Using google cloud registry for private docker images

In this post, I will quickly build a docker image containing the sra-toolkit and a key for dbGaP downloads. Because the key file is private, I will be using the secure Google Container Registry to store the image for later use in genomics workflows.

Background

Container technologies like docker enable quick and easy encapsulation of software, dependencies, and operating systems. One or more containers can render entire software ecosystems portable, enhance reproducibility and reusability, and facilitate sharing of software, tools, and even infrastructure.

While DockerHub is perhaps the most well-known registry where such docker images can be housed, others such as quay.io are also available. Commercial cloud environments, such as the Google Cloud Platform often offer their own registries that use the same secure access controls as other cloud services, allowing docker images with proprietary or private information to be stored and accessed securely. They are also typically quite integrated with commercial cloud services (gcr docs).

I am experimenting with the Google Container Registry (GCR) for a bioinformatics project that I plan to perform in on Google Cloud. This blog post simply serves as notes to myself about details of using that system.

Preliminaries

A Google Cloud account and project is required to follow along here.

In order to allow docker to use google for authorization, we need to do this one-time command to get tie docker to google.

gcloud auth configure-docker

Answer “yes” to the prompt.

Building docker image and adding to GCR

We are going to build a simple docker file that includes the sra-tools package, import a private key for downloading files that are protected, and then store that image to GCR.

The Dockerfile is given below. Note that I am not including the dbGaP key file, as it is private, but you could modify the Dockerfile to include your own key file(s) or simply remove the dbGaP access details entirely.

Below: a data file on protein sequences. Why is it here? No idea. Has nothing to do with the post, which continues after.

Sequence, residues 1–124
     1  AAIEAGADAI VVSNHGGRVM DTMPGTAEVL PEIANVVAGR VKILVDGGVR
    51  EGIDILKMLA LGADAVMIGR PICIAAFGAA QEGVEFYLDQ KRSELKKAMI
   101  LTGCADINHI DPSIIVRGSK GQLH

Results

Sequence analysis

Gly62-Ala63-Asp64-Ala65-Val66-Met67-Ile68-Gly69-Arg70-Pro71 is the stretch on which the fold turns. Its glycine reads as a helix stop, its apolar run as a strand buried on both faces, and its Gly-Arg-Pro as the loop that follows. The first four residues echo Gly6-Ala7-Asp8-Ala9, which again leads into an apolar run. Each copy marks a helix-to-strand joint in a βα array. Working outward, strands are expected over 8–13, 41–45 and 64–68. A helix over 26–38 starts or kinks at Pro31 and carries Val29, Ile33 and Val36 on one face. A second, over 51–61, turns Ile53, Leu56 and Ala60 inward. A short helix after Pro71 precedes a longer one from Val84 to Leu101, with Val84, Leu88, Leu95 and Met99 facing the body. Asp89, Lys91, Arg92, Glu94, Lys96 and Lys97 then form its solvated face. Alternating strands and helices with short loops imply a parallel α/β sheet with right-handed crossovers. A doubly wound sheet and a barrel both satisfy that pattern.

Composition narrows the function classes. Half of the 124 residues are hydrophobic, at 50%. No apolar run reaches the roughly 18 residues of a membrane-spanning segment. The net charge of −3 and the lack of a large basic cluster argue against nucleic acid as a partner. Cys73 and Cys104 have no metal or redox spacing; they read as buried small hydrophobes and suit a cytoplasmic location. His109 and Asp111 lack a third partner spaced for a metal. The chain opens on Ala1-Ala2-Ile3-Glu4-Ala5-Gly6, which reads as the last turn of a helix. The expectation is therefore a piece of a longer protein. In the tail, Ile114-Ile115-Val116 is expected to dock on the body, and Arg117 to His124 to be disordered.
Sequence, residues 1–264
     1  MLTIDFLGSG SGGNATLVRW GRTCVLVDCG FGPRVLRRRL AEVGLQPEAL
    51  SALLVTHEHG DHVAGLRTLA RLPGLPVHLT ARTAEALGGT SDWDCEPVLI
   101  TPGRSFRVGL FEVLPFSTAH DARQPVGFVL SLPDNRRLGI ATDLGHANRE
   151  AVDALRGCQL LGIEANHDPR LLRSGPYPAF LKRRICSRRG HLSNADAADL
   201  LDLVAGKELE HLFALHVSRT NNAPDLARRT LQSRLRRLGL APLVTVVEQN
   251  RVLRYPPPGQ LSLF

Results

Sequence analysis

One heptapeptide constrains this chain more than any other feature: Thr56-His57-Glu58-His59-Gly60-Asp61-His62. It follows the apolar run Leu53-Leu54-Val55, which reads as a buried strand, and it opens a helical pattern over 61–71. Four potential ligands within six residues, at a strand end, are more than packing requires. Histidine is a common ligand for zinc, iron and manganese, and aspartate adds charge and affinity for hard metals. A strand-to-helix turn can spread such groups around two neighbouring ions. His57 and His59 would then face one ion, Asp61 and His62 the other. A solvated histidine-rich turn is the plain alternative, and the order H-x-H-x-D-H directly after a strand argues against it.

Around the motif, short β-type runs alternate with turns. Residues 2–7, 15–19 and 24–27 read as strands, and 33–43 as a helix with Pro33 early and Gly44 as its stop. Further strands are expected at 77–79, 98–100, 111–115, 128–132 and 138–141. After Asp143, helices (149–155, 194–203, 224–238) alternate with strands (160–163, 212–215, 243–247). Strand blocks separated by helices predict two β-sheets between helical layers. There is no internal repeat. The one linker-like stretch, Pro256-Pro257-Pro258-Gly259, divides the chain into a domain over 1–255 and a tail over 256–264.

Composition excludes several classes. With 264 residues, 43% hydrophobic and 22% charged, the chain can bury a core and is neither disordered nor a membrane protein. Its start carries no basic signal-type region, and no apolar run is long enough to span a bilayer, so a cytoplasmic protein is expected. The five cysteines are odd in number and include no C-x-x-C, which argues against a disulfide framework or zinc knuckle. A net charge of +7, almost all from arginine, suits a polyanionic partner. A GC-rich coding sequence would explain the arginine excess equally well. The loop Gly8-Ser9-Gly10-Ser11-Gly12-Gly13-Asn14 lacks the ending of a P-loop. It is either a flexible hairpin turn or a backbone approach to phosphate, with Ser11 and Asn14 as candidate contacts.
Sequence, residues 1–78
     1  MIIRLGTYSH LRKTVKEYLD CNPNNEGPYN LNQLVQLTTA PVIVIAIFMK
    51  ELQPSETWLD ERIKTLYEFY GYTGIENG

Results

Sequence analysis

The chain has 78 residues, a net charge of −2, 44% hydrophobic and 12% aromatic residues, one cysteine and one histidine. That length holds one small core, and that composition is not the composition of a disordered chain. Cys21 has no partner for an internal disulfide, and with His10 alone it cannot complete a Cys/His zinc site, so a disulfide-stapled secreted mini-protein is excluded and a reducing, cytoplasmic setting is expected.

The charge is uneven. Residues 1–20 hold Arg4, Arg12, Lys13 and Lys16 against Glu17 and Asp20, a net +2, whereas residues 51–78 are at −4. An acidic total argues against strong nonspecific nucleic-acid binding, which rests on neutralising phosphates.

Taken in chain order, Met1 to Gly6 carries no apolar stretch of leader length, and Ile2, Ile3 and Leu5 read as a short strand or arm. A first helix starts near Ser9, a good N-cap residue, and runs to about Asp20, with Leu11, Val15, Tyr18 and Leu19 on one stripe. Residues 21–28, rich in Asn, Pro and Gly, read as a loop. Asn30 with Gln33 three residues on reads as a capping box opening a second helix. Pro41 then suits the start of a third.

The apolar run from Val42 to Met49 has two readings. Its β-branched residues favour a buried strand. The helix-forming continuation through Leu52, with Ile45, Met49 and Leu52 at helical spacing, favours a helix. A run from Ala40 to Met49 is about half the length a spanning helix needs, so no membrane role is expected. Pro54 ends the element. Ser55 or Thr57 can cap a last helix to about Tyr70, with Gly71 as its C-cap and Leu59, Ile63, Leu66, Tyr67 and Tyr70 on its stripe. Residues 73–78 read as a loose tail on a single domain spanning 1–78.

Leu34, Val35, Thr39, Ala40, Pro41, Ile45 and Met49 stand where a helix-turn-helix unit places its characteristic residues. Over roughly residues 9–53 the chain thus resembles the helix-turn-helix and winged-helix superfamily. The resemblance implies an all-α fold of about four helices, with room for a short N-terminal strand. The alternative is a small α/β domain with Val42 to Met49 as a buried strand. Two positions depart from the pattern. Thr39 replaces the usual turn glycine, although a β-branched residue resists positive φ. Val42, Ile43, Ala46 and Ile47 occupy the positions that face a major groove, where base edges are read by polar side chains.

Building the container is one line:

docker build -t sratoolkit .

At this point, the docker image has been created. Run it locally to test, for example.

docker run -ti sratoolkit /bin/bash

Inside the docker container, all the sra-toolkit binaries are available.

Each Google Cloud Project has a private GCR. Therefore, GCR urls include the PROJECT-ID.

docker tag sratoolkit gcr.io/isb-cgc-01-0006/sratoolkit:2.9.2
docker push gcr.io/isb-cgc-01-0006/sratoolkit:2.9.2

Usage

For fun, we can use the image and the fastq-dump utility to download a single SRA run. The docker image will only run as long as necessary to perform the fastq dump and then will terminate. This post is not about the details of running docker, but note that the following will result in the fastq file from the fastq-dump command ending up in the /tmp directory on your machine.

docker run -v /tmp:/data -ti  gcr.io/isb-cgc-01-0006/sratoolkit:2.9.2\
    /bin/bash -c "cd /root/ncbi/dbGaP-16049/ \
    && fastq-dump   --split-files --gzip \
    --skip-technical -X 10000   SRR390728"

This will result in:

Read 10000 spots for SRR390728
Written 10000 spots for SRR390728

Best practices

Storing keys, key files, and any other private information in a docker image is a risky operation and is not a best practice. Leveraging the security model of GCR mitigates these issues. However, it is really easy to forget about the information that might be leaked if this image were shared or pushed to a public repository like DockerHub.

For a discussion of other models for accessing private information inside a docker container, see this blog post, for example.

From here

At this point, we have created an environment for building docker images, stored a proprietary docker image in the Google Cloud Registry, and successfully used the image to run a simple command to perform a fastq-dump with the files ending up on the docker host machine. This image can be used anywhere a docker image can run, but only if google authentication has been tied into docker.

The Google Genomics Pipeline API is built around scalable genomic workflows and uses docker images for workflow tasks. The image here can be used for dbGaP genomic data extraction as part of such a workflow, all within the secure environment of google cloud.

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Sean Davis
National Cancer Institute, NIH

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